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Thomas v. Granite Nursing and Rehabilitation Center, LLC

United States District Court, S.D. Illinois

June 5, 2014

CHARLES D. THOMAS, Executor of the Estate of Thelma V. Thomas, Deceased, Plaintiff,
v.
GRANITE NURSING AND REHABILITATION CENTER, LLC, d/b/a Granite Nursing & Rehab Center; DTD HC, LLC; D&N, LLC; and AURORA CARES, LLC, d/b/a Tara Cares, Defendants.

MEMORANDUM AND ORDER

J. PHIL GILBERT, District Judge.

This matter comes before the Court on the motion to dismiss for lack of personal jurisdiction filed by defendants DTD HC, LLC ("DTD") and D&N, LLC ("D&N") (Doc. 15). Plaintiff Charles D. Thomas has responded to the motion (Doc. 20), and DTD and D&N have replied to that response (Doc. 23).

I. Standard for Dismissal

When personal jurisdiction is challenged under Federal Rule of Civil Procedure 12(b)(2), the plaintiff bears the burden of establishing personal jurisdiction over a defendant. Purdue Research Found. v. Sanofi-Synthelabo, S.A., 338 F.3d 773, 782 (7th Cir. 2003). If there are material facts in dispute regarding the Court's jurisdiction over a defendant, the Court must hold an evidentiary hearing at which the plaintiff must establish jurisdiction by a preponderance of the evidence. Id. (citing Hyatt Int'l Corp. v. Coco, 302 F.3d 707, 713 (7th Cir. 2002)). Alternatively, the Court may decide the motion to dismiss without a hearing based on the submitted written materials so long as it resolves all factual disputes in the plaintiff's favor. Purdue Research, 338 F.3d at 782 (citing RAR, Inc. v. Turner Diesel, Ltd., 107 F.3d 1272, 1276 (7th Cir. 1997)). If the Court consults only the written materials, the plaintiff need only make a prima facie showing of personal jurisdiction. Purdue Research, 338 F.3d at 782 (citing Hyatt, 302 F.3d at 713). In this case, the Court consults only the written materials, resolving all factual disputes in Thomas' favor, and finds Thomas has not made a prima facie showing of personal jurisdiction over DTD and D&N.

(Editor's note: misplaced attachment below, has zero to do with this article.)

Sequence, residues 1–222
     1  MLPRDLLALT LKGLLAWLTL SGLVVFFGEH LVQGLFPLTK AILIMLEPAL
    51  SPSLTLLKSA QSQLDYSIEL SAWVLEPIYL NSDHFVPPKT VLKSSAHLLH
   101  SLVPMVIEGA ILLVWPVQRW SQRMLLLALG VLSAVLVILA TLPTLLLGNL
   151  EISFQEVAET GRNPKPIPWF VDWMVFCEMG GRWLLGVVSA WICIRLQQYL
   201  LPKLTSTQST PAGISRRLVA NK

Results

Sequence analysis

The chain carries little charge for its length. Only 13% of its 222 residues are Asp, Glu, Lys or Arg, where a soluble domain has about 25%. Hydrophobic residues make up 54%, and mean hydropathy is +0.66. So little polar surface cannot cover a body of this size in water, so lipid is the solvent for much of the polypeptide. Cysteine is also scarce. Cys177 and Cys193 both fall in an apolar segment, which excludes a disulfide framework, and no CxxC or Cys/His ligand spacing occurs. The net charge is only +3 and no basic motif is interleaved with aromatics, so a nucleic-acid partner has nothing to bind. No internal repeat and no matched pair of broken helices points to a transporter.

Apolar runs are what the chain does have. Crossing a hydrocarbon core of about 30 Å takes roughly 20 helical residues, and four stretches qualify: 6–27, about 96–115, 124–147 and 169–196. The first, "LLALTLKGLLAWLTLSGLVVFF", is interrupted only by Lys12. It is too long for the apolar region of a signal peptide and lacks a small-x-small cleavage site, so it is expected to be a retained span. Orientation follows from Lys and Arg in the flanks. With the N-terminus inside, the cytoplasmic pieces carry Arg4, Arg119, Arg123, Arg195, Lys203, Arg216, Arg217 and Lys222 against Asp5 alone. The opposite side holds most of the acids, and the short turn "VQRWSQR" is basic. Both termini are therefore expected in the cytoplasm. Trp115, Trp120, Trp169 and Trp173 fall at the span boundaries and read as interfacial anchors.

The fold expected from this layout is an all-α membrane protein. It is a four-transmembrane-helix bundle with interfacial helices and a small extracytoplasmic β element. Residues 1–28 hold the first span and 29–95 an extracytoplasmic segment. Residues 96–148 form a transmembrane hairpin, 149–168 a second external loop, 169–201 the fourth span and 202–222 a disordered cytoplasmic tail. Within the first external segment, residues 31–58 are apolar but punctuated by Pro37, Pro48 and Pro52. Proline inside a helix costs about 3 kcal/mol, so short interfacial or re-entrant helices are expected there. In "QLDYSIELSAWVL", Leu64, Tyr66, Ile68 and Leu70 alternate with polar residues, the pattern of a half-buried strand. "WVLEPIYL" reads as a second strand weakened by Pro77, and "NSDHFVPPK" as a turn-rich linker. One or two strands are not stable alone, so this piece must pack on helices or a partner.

II. Facts

The written materials submitted establish the following relevant facts for the purposes of this motion.

At all relevant times, DTD and D&N each owned 50% of defendant Granite Nursing and Rehabilitation Center, LLC ("Granite Center"). While residing at and in the care of Granite Center, plaintiff's decedent, Thelma V. Thomas fell while trying to walk without enough assistance and was injured. Two days later she died from her injury. Plaintiff Thomas believes her death was due to Granite Center's negligence and has sued the defendants, including DTD and D&N, under the Illinois Nursing Home Care Act, 210 ILCS 45/3-601 & 602, the Illinois Survival Statute, 755 ILCS 5/27-6 et seq., and the Wrongful Death Act, 740 ILCS 180/1 et seq. The Illinois Nursing Home Care Act, 210 ILCS 45/3-601, plainly subjects the owners of nursing homes in Illinois to liability for the negligence of nursing home employees that injure residents of the nursing home.

DTD and D&N ask the Court to dismiss them from this case on the grounds that the Court does not have personal jurisdiction over them. They are New York limited liability companies with their principal places of business in New York. They do not operate, pay for the operation of or make loans to Granite Center although each is an equal owner of Granite Center. They do not conduct business, do work, have an office, have any agents or employees, own or lease property, or advertise in Illinois.

III. Analysis

A federal court sitting in diversity, as the Court does in this case, looks to the personal jurisdiction law of the state in which the court sits to determine if it has jurisdiction. Hyatt Int'l Corp. v. Coco, 302 F.3d 707, 713 (7th Cir. 2002) (citing Dehmlow v. Austin Fireworks, 963 F.2d 941, 945 (7th Cir. 1992)). Thus, this Court applies Illinois law. Under Illinois law, a court has personal jurisdiction over a defendant if an Illinois statute grants personal jurisdiction and if the exercise of personal jurisdiction is permissible under the Illinois and United States constitutions. RAR, Inc. v. Turner Diesel, Ltd., 107 F.3d 1272, 1276 (7th Cir. 1997); Wilson v. Humphreys (Cayman), Ltd., 916 F.2d 1239 (7th Cir. 1990).

A. Illinois Statutory Law